No Reception in Northern California
Photos by Michael Armenta, words by Brian Larson
There’s never a perfect time to escape. Chores, obligations, monetary deficits, or priorities—it seems the doldrums of the day to day too often take hold with gripping force. We can’t always hop on plane to the backcountry of the Chilcotins or ride ribbons of trails through the Alps; sometimes planning a trip can seem more complicated than landing a rover on Mars.
And in some instances even more so.
But on the rare occasion a trip can manifest itself without a formalized plan or strategy. The right players show up with the right gear and seem to have a rare abundance of time to spare. It’s like watching ripples forming from the wind blasting a sand dune. From a seemingly chaotic environment comes a perfectly organized pattern: from entropy emerges order. We’re not going to pretend to understand it, but that is what happened with this trip. A few emails were sent to a handful of folks and almost magically we were standing speechless in awe of Northern California coastal viewshed. No itinerary, no schedule, no obligations, and no reception. (more…)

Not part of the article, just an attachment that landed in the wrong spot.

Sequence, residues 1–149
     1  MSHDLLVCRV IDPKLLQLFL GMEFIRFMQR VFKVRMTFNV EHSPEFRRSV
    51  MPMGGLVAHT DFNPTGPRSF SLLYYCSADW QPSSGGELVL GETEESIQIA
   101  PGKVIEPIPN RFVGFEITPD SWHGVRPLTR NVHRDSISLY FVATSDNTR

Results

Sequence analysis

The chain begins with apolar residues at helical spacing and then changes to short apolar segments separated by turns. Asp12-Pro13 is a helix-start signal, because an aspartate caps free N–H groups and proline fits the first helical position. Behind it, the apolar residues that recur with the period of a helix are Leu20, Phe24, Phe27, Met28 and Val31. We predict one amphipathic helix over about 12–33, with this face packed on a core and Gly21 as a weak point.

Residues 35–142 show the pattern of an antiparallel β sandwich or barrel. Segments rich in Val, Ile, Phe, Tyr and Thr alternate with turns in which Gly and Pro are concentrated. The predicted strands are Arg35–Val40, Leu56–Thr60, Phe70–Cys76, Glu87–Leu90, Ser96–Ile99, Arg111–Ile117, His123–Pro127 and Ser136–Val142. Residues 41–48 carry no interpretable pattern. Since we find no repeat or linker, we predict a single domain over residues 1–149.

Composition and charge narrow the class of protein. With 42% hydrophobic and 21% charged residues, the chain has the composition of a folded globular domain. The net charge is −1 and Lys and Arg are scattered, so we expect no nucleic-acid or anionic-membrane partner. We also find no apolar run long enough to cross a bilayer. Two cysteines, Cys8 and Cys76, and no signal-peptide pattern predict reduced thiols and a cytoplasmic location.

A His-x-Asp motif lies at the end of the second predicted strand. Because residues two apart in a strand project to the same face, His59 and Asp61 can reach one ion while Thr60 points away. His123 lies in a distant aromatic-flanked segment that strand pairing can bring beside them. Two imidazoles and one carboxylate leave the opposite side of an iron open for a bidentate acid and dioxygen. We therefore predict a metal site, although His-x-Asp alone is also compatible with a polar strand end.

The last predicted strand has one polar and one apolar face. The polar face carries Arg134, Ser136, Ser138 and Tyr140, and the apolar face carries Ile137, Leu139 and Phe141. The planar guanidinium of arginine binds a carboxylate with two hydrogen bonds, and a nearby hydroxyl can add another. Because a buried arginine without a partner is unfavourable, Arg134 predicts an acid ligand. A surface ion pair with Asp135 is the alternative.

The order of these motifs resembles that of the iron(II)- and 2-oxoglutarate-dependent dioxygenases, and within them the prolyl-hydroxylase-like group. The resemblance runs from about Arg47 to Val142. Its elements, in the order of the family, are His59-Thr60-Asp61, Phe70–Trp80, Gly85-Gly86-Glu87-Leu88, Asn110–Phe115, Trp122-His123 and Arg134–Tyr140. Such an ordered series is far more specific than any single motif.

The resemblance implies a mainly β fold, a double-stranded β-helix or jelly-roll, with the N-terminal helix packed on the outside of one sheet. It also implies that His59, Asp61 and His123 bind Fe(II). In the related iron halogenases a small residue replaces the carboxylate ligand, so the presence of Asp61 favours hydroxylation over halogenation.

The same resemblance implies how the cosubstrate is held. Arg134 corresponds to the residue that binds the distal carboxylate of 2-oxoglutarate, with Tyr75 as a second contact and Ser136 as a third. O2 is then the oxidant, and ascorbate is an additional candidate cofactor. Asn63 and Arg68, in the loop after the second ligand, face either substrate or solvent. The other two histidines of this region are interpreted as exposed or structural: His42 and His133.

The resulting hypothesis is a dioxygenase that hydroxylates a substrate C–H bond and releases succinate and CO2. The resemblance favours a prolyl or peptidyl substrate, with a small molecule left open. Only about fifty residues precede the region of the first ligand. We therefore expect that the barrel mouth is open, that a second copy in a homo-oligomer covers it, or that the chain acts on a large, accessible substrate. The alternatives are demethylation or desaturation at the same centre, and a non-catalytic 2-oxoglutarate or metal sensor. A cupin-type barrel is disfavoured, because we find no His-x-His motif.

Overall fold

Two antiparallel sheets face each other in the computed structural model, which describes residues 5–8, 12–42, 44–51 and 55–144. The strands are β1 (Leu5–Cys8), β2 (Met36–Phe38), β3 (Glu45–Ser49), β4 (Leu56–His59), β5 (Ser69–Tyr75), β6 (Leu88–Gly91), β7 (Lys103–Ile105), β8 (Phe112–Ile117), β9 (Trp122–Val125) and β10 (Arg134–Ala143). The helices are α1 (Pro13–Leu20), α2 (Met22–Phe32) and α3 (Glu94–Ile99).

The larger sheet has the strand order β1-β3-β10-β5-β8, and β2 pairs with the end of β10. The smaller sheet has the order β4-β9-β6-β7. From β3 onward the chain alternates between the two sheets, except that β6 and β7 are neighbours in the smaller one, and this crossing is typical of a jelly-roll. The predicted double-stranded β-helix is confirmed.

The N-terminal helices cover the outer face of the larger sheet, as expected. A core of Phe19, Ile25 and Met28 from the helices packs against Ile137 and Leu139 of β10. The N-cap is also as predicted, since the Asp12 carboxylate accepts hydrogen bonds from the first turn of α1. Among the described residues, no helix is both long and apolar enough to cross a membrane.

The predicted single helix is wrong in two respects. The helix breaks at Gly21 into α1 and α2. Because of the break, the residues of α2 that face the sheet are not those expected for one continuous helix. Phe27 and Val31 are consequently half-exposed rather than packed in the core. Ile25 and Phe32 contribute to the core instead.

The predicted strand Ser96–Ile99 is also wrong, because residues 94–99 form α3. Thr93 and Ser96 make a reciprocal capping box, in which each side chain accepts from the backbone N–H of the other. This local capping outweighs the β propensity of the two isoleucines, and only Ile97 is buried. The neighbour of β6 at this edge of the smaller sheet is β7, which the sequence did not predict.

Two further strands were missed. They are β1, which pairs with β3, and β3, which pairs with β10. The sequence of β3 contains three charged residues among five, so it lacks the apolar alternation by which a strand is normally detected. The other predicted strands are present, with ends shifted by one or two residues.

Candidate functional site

Brooklyn Red Hook Crit No. 9
Photos and words by Chris Lee
The clouds hung very grey and ominous that morning. No surprise since it rained for most of the day prior. Nevertheless, as soon as the announcement was made that qualifying rounds would begin, the sun broke through the clouds and the ninth iteration of the Red Hook Crit was on.
With every year, there seems to be an inevitable metamorphosis. Admittedly, RHC is not the birthday celebration race that it once was. Nowadays, banners of corporate sponsors don the barricades, along with newly acquired bicycle sponsor, Specialized. But the allure and the romance of RHC still remains and the level of competition becoming elevated with every stop. This year brought pro, elite and working class athletes from 48 countries, hungry to represent their team and country on the podium. This was especially true in the women’s field who, in many ways, were the most eager to bring the spotlight to their efforts, which indeed shined brightly.
While this year’s Crit was not without it’s fair share of controversy and bloodshed, a fiercely competitive male and female peloton chose their champions. In the end, Ainara Elbusto, an Italian representing Conor WRC, fought through crashes and sprinted for the win in the women’s race while Colin Strickland, an American representing Allez Allez-Specialized, broke away for a solo win after a devastating crash in the men’s field involving a stalled moto.
Although it’s not certain what the next metamorphosis will look like for the Red Hook Crit. What is certain is that anyone can still earn the top spot on the podium, pro or amateur, which makes this race’s allure even stronger every year.
Follow Chris on Instagram and at his website.